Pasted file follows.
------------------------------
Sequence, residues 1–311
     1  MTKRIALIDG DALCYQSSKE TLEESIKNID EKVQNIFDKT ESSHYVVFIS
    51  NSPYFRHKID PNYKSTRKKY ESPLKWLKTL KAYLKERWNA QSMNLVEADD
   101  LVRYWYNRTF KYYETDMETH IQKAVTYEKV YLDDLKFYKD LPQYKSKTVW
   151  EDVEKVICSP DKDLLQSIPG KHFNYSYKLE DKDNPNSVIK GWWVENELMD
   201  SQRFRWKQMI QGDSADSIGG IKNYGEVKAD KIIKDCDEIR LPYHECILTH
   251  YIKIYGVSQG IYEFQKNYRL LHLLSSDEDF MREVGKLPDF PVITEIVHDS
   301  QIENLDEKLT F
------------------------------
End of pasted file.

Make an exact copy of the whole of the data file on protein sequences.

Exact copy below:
Sequence, residues 1–311
     1  MTKRIALIDG DALCYQSSKE TLEESIKNID EKVQNIFDKT ESSHYVVFIS
    51  NSPYFRHKID PNYKSTRKKY ESPLKWLKTL KAYLKERWNA QSMNLVEADD
   101  LVRYWYNRTF KYYETDMETH IQKAVTYEKV YLDDLKFYKD LPQYKSKTVW
   151  EDVEKVICSP DKDLLQSIPG KHFNYSYKLE DKDNPNSVIK GWWVENELMD
   201  SQRFRWKQMI QGDSADSIGG IKNYGEVKAD KIIKDCDEIR LPYHECILTH
   251  YIKIYGVSQG IYEFQKNYRL LHLLSSDEDF MREVGKLPDF PVITEIVHDS
   301  QIENLDEKLT F